At its best, when Culley lets rip a few times or grinds away with that across the tracks vibe he does so well, it comes close to living up to what you as a rock fan is after. The rest of the time, while it never turns its back on you entirely, it leaves you hanging because all the time you know that the right notes, the right attitude, the right image are within reach but they simply aren’t extending their arms far enough to grasp it.

Fresh Produce On The Market
There’s nothing really off-putting about any of this. It’s well played, flows alright, has no unwelcome interludes where another instrument comes in playing a grating atonal passage, and there’s a confidence to it that helps make the conflicting ideas seem less indecisive and more experimental, for whatever that’s worth.

But while on a non-genre purely musical level I’d be willing to bump it up a point for these characteristics, when we’re focused strictly on how well it fits into the rock setting of 1951 it can’t help but be penalized for those same things.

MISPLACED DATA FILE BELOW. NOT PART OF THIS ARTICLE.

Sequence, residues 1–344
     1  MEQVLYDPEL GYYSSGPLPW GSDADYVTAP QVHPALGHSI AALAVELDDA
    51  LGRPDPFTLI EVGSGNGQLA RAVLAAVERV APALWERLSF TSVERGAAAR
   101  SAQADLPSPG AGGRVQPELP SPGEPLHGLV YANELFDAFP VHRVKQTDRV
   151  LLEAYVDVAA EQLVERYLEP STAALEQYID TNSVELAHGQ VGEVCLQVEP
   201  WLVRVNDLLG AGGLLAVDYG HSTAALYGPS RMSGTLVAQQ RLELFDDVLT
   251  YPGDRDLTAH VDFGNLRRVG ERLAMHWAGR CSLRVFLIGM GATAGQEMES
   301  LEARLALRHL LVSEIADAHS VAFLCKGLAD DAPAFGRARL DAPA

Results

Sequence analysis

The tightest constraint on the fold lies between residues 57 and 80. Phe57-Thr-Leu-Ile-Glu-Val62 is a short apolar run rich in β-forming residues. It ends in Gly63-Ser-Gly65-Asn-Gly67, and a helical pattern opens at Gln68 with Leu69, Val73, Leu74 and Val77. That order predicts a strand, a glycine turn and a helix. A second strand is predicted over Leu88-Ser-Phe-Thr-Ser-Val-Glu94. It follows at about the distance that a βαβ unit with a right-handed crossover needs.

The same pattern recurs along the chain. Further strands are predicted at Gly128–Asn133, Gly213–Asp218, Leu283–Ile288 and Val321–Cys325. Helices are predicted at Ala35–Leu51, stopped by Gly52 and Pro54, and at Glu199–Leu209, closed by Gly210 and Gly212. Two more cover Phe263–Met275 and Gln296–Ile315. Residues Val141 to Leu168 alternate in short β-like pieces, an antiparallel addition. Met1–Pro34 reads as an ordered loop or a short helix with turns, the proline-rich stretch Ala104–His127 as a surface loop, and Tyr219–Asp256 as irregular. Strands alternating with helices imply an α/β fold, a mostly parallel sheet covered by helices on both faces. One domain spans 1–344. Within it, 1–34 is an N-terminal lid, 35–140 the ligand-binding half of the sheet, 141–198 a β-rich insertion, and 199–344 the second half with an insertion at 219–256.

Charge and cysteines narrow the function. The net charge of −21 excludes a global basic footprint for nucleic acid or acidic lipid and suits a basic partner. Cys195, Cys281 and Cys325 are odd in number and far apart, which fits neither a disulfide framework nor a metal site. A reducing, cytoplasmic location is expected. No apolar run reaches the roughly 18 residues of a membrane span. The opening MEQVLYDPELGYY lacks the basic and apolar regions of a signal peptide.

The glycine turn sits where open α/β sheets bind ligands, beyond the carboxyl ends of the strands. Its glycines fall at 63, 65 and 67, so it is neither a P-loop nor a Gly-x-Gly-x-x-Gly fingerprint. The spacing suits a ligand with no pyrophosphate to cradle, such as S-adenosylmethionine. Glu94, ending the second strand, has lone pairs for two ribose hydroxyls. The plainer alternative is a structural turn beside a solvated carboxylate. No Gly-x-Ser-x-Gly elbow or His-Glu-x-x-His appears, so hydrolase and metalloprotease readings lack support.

Culley-Flower is a rock song as filtered through a jazz backdrop, a decision not necessarily caused by a distaste for the comparatively limited sound of rock but rather a natural desire to stretch beyond that a little, especially when the artist finds himself in the company of musicians who were more at home in this other neighborhood.

But while we can respect the effort it doesn’t change the fact that the requirements for THIS neighborhood are a little more stringent. Maybe more sophisticated musicians think it’s beneath them, maybe the technical qualities are a lot less pronounced, but if it were so easy to rock effectively then why haven’t more been able to consistently master it and stick with it every time out?

Look back at yesterday’s standards of class all you want, Floorshow, but keep in mind the ones paying the bills are looking to define tomorrow with these records and this one just isn’t going to cut it.


(Visit the Artist page of Frank Culley for the complete archive of his records reviewed to date)